Under the various JCT documents, the Building Contractor is obliged to construct the Works in accordance with the plans, drawings, bills and specifications which define the work in written and graphic form. The building documents will be attached to or referred to in the building contract. The make up of the building documents will depend on the nature of the work.
The workmanship is as described in the building documents. Where there is no specified standard, the standard is to be appropriate to the works and materials. The contractor must comply with statutory obligations, including in particular the planning permission (which will be reflected in the building documents) and the Building Regulations which set out minimum building standards.
The contractor controls the site and all persons on it. The employer’s obligation is to pay for work done and under certain circumstances to compensate for loss and expense.
The employer must not hinder the contractor and must co-operate with it. The employer must make any necessary nominations within a reasonable time. The contractor will generally have a right to object to employer’s nominations on reasonable grounds.
The employer appoints the contractor administrator who will generally be an architect. Some architect’s obligations under the contract are carried out by the architect on behalf of the employer and must be carried out with due care and skill. This means the architect’s negligence could render the employer liable.
Other obligations under the contract must be carried out by the architect or contractor administrator independently. The employer must not obstruct or interfere with such functions. An example is the issue of certificates for payment.
The site conditions will generally be the contractor’s risk under the contract documentation. There may be situations where the employer takes the risk because there is a warranty that the tendering documentation is fully accurate in all respects. There would need to be clear wording to shift this risk to the employer.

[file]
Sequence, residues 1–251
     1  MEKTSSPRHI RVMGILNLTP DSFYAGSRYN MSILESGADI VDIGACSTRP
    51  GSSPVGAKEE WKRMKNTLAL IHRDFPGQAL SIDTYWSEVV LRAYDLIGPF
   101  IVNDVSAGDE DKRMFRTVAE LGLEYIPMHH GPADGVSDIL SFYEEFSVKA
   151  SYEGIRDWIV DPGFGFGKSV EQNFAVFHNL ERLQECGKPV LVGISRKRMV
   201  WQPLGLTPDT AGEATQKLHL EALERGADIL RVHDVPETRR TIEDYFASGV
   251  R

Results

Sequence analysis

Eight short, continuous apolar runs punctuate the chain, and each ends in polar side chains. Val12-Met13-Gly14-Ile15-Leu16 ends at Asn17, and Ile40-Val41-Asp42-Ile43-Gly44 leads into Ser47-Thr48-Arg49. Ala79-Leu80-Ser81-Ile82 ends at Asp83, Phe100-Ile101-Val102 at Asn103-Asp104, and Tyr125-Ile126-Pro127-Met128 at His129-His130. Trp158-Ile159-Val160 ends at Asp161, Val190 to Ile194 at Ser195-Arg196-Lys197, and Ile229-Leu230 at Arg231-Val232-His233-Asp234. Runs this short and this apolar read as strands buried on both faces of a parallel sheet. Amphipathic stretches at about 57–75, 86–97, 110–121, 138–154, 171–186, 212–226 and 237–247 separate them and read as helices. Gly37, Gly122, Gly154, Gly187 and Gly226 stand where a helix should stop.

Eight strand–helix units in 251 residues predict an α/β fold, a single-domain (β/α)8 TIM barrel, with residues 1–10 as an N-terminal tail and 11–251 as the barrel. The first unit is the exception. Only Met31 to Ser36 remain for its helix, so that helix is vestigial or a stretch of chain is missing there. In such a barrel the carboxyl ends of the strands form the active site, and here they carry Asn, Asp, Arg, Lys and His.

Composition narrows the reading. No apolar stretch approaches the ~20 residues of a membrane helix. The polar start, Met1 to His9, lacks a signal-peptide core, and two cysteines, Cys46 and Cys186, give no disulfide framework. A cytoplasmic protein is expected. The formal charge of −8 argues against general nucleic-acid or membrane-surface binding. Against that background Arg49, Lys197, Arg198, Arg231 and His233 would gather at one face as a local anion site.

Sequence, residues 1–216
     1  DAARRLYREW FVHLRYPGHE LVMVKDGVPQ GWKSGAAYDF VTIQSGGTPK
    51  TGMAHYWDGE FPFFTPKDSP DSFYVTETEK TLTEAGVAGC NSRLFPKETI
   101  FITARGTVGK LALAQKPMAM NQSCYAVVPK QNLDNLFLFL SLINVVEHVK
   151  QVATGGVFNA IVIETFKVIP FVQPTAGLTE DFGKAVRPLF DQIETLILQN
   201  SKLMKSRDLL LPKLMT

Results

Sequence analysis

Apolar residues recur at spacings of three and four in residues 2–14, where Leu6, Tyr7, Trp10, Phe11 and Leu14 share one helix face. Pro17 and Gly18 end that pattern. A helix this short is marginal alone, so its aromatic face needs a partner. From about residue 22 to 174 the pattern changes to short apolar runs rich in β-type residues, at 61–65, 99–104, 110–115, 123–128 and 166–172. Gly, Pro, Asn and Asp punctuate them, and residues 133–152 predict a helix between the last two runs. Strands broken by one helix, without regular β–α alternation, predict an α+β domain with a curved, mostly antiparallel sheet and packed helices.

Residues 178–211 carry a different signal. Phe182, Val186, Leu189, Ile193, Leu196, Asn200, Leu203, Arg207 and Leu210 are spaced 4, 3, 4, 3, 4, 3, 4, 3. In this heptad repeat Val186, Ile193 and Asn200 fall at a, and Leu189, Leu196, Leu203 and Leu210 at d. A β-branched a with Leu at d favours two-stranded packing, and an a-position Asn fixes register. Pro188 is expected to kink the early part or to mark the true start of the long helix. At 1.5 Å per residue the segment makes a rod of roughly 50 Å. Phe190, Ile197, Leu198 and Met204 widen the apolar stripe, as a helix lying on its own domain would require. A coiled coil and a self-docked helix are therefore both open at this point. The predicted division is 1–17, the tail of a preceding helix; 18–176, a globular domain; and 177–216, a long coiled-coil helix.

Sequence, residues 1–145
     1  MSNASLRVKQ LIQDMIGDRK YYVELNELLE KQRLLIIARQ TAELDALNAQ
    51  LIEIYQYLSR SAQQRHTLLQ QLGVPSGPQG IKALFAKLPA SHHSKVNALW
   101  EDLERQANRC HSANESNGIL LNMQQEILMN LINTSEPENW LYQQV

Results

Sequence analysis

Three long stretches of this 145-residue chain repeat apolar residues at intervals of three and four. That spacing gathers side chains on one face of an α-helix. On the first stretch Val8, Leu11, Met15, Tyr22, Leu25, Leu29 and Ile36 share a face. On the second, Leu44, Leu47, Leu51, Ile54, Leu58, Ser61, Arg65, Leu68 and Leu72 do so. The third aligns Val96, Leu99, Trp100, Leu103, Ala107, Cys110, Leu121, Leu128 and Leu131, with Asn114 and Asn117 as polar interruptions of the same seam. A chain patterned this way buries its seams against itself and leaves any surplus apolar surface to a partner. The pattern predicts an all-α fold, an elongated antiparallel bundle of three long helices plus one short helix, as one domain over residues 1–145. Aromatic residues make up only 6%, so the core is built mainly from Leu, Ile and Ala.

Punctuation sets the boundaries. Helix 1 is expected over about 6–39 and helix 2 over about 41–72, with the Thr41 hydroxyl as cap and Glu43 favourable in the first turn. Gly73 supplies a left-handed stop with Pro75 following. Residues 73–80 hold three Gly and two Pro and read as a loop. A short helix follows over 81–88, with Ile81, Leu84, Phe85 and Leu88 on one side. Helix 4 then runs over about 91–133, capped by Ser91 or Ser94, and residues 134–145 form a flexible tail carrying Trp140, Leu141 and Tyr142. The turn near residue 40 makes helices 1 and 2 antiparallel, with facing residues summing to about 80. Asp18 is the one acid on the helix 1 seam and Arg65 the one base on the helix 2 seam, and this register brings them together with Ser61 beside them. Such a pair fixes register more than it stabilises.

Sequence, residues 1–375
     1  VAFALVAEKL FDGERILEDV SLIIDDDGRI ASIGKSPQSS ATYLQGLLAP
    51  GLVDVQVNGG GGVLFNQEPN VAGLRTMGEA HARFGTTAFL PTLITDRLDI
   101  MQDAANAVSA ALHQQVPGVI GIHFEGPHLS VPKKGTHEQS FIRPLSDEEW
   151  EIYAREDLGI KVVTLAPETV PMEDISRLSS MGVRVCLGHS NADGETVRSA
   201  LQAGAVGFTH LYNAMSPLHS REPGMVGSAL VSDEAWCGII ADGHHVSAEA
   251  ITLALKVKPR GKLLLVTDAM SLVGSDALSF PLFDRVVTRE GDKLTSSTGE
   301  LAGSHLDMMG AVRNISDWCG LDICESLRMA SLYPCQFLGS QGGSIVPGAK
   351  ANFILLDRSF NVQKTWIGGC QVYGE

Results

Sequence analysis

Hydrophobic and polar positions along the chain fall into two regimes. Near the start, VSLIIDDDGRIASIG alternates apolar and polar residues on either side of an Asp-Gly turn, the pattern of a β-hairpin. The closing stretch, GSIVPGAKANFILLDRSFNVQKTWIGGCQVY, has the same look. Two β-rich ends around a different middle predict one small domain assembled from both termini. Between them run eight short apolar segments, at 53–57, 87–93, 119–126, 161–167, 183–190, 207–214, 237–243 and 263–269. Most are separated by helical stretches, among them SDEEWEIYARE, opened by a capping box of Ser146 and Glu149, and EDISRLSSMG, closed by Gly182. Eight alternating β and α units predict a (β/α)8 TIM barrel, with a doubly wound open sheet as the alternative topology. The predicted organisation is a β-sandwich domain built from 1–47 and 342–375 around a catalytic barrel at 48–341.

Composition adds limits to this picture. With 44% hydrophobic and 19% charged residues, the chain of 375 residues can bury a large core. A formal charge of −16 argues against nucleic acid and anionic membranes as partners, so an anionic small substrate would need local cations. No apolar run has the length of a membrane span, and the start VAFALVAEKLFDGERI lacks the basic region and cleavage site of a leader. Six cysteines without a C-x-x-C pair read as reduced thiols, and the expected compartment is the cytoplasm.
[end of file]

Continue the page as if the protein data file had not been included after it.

The employer must ensure that a competent construction design and management co-ordinator is appointed. He must ensure that no construction work commences until a Health and Safety Plan is put in place.
Traditionally, responsibility for the design of the works rested with the employer’s design team. This would normally consist of an Architect and Civil Engineer backed up with other necessary consultants such as a Services Engineer. Construction was the responsibility of the contractor whose obligation is to undertake the work in accordance with the contract documentation. However in practice, in all but the simplest project, the design process demands continuing interaction between design and construction teams until the project is completed.
Generally, a designer is obliged to take due care to achieve the result required by the design process. The designer does not generally guarantee the result but undertakes to exercise due care appropriate to his profession.
In a “design and build” project, there is more likely to be a stricter unconditional obligation on the single contractor and designer to achieve the required purpose. Responsibility may include superintending the design and construction process.